Top technology executives in the hotel industry speaking at the recent 2016 HTNG North American Conference said dealing with old systems and convincing owners and franchisees about the importance of technology remain significant challenges.
FERNANDINA BEACH, Florida—Some of the hotel industry’s technology leaders said the biggest obstacles they face come within the industry and even inside their own companies. Sources said integrating older systems into newer technology and convincing hoteliers about the overall value of technology are still major hurdles.
During the “IT leaders” panel at the recent 2016 HTNG North American Conference, Page Petry, chief IT officer of the Americas at Marriott International, said her task, along with those in similar positions, is to persuade decision makers and stakeholders why it’s worthwhile to invest in things like sophisticated data strategies and moving operations to the cloud.
“All of that requires a tremendous amount of funding to make that happen,” Petry said. “Especially for those of us who have been around for a while and have legacy systems.”
Petry said communication is key to get everyone on the same page.
“It needs to be a daily role for us to educate not just our own executives and all of our owners and franchisees on the application and value that technology brings,” Petry said. “The biggest challenge for us is to do that in terms that they understand, because they’re the ones investing in us. It’s every day. It’s meeting with owners. It’s being very open to their feedback and incorporating the ideas and suggestions they have.”
Monika Nerger, global chief information officer for Mandarin Oriental Hotel Group and president of HTNG, said grappling with old and outdated systems remains a challenge as hotel companies “are looking for a way to get to that nirvana of cloud, mobile, digital.”
Nerger said there are still “core pieces missing” for many hotels as they look for tools to transition from the old to new, but that doesn’t mean they can sit and wait.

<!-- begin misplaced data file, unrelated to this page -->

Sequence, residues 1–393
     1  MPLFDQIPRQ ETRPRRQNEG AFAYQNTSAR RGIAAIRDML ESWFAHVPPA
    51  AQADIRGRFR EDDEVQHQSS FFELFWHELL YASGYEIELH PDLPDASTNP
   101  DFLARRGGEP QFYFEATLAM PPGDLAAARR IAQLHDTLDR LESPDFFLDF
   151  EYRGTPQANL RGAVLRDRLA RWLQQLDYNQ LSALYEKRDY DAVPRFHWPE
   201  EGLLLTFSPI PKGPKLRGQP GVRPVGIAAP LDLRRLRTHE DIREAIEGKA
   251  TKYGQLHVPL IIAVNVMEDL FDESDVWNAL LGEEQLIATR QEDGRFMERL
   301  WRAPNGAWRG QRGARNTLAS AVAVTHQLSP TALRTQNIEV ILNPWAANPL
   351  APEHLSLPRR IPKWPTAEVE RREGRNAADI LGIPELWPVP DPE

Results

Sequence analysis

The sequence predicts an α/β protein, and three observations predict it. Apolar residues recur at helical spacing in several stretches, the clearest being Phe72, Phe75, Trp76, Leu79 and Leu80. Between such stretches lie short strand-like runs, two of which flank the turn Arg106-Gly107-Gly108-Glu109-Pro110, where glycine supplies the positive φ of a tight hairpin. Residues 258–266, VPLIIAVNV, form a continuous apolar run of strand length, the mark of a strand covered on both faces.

“What we’re doing is taking the pieces that are possible,” she said. “What I’m shopping for are algorithms. So, I’m very interested in the pieces of technology that can use machine-learning capability, for example, and introducing those into our organization.”
Opportunities with data analytics
Kris Singleton, global board director for Hospitality Financial and Technology Professionals, said one of the easiest ways hoteliers can improve technology-wise is by embracing data analytics.
“We’ve got rich data and need to move that to information to knowledge to hopefully wisdom through better performance management,” she said. “Better performance management gives the operations and the business of the hotels the capability of running more efficiently and more effectively. That means a better guest experience.”
Darla Morse, chief information officer for SeaWorld Parks & Entertainment, said her company was able to use data culled from tracking guests’ locations while at SeaWorld parks to fine-tune staffing decisions.
“We learned that where we were staffing in the morning, no one was there in the far corner of the park,” she said. “It’s interesting when operations sees this sort of data, they were so excited that I kind of had to hold them back.”
Closing the gap
While the industry at large still lags behind retail in terms of technology, panelists said that gap is shrinking.
“I think in the last 13 years, what has excited me is that (the hotel industry) has gained quite considerable and quite fast,” Singleton said. “We’re still behind and getting there. But some of the things like seeing robots and hearing about artificial intelligence … and using that to drive strong association to the guest experience and that experience management, that’s what’s really exciting for me, and I think is going to catapult us a lot farther in the hospitality industry.”
Petry said that has been driven by increasing excitement around technology within the industry.
“I love coming into our hotels and having them excited about the technology that has been deployed and coming up with better ways for it to be used,” she said. “General managers are engaged, and our executives really understand the power of technology. They’ll always argue over the cost of it, but they really understand what it can do to move our brands forward.”